Living with a serious fungal infection

If you have been diagnosed with a serious fungal infection, it’s likely that you’ll have lots of questions.
For example many ask:
‘How did I get this infection?’
The most common infections are those that affect the parts of our bodies that are most often exposed to fungi. As many pathogenic fungi are found in the air that we breathe that means our lungs and sinuses, but also commonly our skin, nails, eyes and ears.
‘But if we are all exposed to these fungi why did it infect me?’
Most of us have immune systems that are very good at fighting infections of all kinds and fight off the fungi trying to infect us quite easily. A few people might have a slightly less powerful immune system e.g. those with cystic fibrosis or CGD. Others might be undergoing treatment which can reduce the effectiveness of their immune system e.g. transplant recipients, and sometimes an injury that breaks our protective skin can cause in infection.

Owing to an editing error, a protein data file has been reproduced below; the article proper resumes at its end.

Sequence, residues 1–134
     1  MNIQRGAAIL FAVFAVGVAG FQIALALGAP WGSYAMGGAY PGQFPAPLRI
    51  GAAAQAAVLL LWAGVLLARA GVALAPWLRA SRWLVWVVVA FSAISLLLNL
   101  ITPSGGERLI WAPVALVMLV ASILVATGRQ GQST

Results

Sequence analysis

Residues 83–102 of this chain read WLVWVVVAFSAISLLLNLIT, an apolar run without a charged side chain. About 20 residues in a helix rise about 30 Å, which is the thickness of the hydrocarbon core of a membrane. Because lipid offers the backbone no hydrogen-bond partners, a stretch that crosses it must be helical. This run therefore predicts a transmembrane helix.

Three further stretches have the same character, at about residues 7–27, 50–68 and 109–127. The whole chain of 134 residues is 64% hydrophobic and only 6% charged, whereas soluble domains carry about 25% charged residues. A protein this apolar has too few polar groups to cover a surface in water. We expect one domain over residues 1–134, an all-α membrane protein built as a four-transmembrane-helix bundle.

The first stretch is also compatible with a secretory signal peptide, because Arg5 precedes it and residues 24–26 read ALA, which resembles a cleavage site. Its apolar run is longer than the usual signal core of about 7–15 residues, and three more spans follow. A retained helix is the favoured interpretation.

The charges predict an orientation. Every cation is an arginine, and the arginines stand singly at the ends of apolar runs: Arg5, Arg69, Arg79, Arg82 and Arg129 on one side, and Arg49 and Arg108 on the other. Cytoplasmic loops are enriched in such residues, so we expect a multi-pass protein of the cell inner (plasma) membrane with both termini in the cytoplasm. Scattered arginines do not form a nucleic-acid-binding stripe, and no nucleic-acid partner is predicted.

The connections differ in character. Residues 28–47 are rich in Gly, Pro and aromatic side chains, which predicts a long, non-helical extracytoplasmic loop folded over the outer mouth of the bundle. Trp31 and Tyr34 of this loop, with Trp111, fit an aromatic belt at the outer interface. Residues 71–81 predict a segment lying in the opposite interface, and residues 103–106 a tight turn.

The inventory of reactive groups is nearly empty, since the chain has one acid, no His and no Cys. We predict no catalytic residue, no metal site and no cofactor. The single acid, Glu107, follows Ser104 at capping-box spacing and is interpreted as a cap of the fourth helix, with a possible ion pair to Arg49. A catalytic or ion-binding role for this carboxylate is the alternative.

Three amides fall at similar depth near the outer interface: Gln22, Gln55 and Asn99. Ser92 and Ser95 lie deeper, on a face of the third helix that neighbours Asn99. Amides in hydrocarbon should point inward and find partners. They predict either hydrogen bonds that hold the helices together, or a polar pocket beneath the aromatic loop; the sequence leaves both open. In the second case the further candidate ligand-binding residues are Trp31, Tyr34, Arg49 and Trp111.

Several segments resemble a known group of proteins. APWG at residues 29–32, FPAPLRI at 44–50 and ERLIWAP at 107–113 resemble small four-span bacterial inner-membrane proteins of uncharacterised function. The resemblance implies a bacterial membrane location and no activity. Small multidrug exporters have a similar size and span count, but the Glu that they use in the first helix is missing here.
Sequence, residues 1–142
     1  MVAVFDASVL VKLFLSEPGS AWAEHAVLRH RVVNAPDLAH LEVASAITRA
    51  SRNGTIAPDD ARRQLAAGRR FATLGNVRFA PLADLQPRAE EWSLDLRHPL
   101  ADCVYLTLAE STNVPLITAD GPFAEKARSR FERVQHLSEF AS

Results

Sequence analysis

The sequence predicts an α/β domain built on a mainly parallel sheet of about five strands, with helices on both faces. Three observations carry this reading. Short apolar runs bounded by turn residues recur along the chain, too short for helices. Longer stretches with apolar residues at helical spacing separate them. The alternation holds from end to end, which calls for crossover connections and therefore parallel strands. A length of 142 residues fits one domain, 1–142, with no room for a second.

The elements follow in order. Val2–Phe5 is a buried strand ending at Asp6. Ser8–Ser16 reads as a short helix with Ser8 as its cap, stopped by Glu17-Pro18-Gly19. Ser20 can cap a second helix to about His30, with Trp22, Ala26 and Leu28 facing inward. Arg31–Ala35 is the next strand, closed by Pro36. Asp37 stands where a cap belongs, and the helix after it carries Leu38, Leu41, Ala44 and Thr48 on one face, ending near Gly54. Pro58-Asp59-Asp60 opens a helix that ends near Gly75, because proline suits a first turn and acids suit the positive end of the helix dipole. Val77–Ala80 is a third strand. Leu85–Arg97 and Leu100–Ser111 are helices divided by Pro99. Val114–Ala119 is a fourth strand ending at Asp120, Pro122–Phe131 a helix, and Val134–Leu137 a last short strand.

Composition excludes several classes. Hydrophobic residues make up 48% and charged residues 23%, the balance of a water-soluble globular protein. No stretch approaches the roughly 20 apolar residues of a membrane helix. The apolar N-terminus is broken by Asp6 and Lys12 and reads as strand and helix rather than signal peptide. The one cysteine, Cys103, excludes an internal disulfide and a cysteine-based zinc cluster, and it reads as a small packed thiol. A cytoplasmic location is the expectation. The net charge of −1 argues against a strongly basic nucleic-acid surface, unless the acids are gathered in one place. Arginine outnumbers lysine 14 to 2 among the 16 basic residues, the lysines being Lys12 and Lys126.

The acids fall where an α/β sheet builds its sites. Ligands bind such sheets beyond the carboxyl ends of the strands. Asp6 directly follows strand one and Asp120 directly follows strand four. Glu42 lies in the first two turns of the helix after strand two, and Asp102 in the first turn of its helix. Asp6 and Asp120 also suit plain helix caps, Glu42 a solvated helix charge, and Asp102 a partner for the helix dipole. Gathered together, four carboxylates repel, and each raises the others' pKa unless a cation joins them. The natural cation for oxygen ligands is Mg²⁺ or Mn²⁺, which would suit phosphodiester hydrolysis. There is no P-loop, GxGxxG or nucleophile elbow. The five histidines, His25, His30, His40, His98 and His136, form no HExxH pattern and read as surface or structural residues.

As well as thinking about the condition itself – what treatment options are available to you and how you will manage the symptoms, for example – you might well have concerns about how to cope with the impact your fungal infection will have on your day-to-day life, especially as many infections cause chronic disease

Living with a fungal infection doesn’t mean life has to stop, but it will inevitably affect you in different ways.

Antifungal drugs can be taken in the form of an oral capsule, liquid or given as an intravenous injection if the patient is under observation in hospital. Some can cause side effects that are unpleasant and can interfere with other medication you are taking so a clear and open relationship with your medical team is important.

Many people also find their mood and way of thinking changes. It’s not uncommon for someone with a long-term condition to feel depressed or anxious, or to worry about work and finances.